EDIT: 2011-05-08 brendankidwell informs us that this HOW-TO is still relevant to the latest Ubuntu versions:[These instructions work] for upgrading from Kubuntu 10.10 to Ubuntu 11.04. In this case, ignore the bit about using a (now ancient) Ubuntu 8.04.1 install disc. Use "Ubuntu 11.04 alternate install" for your correct architecture.
So lets say you are running a 32-bit dm-crypt system, and want to 'upgrade' to a 64-bit version. Perhaps you are in the habit of 'upgrading' by doing a fresh-install of the new distro. Maybe you screwed up your system and want to do a fresh-install.
If one of these scenarios is you, then this HOWTO is for you!
The reason I am writing this is because I too wanted to join the 21st century by upgrading to a 64-bit version of Intrepid, and I ran into some serious problems! After 3 weeks and some helpful tips, I got my system running again, and hopefully this HOWTO will help you to avoid the same hurtles that I experienced! So, without further ado...
- You are running a system with dm-crypt/LUKS, and probably LVM.
- You keep a separate /home partition in which all of your files and settings exist.
- You want to do a fresh install
Things you need:
- A note-pad with these commands written on it, or a separate computer, or a dualboot system
- Ubuntu 8.04.1 Hardy Heron Alternate-install CD (64-bit Recommended!)
NOTE: Even if your end-goal is to install Intrepid Ibex (8.10) you must do a fresh-install of Hardy first and then upgrade. The reason for this is the Intrepid alternate disc (at the time of writing) does NOT handle encryption well, and your install will [probably] fail.
- As always, back-up any critical data, including any files in /root that you may want to save
- Make backups of your /boot directory, /etc/fstab, /etc/crypttab, /etc/apt/sources.lst and any other special configuration files you may want to keep.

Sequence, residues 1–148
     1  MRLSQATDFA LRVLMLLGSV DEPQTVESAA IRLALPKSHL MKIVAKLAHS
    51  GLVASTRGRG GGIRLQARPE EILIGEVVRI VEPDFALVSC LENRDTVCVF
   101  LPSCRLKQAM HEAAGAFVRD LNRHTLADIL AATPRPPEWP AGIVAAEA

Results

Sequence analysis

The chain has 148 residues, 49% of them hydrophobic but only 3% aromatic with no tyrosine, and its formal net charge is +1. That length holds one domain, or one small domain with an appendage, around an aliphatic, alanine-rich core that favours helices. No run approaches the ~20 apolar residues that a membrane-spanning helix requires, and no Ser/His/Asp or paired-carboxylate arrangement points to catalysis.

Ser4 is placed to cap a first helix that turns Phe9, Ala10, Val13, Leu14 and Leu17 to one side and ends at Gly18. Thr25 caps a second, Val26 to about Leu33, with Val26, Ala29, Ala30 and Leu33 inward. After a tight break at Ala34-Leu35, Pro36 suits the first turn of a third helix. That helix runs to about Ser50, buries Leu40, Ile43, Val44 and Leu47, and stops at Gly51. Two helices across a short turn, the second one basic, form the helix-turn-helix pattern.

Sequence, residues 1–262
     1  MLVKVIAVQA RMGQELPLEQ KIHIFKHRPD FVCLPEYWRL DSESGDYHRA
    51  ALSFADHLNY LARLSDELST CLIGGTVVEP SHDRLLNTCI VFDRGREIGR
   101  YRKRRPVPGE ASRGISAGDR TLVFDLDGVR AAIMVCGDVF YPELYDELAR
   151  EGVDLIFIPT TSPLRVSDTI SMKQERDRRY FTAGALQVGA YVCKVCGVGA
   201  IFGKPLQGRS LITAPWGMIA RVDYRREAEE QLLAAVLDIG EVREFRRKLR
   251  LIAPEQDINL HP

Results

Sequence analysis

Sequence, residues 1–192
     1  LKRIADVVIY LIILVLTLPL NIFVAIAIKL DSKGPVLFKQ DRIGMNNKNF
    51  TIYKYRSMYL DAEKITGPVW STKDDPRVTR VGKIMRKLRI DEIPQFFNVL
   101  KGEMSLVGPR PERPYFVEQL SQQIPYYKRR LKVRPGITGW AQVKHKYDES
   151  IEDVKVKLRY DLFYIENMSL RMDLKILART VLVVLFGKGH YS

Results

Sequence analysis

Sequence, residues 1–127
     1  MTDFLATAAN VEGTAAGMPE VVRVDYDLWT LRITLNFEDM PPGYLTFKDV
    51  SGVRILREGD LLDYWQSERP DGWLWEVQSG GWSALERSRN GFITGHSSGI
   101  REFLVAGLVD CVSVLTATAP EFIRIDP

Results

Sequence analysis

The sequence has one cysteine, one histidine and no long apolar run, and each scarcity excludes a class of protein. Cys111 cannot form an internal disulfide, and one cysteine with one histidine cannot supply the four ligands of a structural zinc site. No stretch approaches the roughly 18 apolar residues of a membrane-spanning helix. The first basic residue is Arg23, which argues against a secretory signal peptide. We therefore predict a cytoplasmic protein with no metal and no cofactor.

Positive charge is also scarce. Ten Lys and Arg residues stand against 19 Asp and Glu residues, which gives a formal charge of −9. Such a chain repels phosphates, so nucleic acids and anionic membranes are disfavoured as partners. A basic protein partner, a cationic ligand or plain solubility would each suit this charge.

- Helpful: print out a 'vim' cheat-sheet for text editing from the command line.
- (Optional) Make a list of all installed programs so you can easily re-install your favorites later:
Code:$ dpkg --get-selections > ~/installed-packages
- Insert the 8.04.1 Hardy Heron alternate-install CD, and reboot your computer
- Upon booting the CD, select the 'recovery' option from the menu. This is necessary for the installer to read your current configuration and load the dm-crypt modules.
- Follow the prompts. You will be asked for your hostname and the password to your current dm-crypt volume
- When you reach the recovery menu, press the escape key one or more times in order to get to the 'table of contents'.
- One down from the recovery menu is the set-up-partitions menu. Select it and hit 'enter'.
- Select 'Manual' partitioning
- The should have detected your LVM setup and should display the local volumes.
select your /boot partition:
(in this example it will be /dev/sda0 )
set it to use it as your /boot partition, and to format it.
select your / (root) partition:
(in our case, we will call this /dev/mapper/Encrypted-root )
set it to use it as your / partition, and to format it.
select your /home partition:
(Again, our example this will be /dev/mapper/Encrypted-home )
set it to use it as your /home partition, but DO NOT FORMAT it.
your swap partition should already be selected for use and formatting.
You can add any additional partitions you wish to.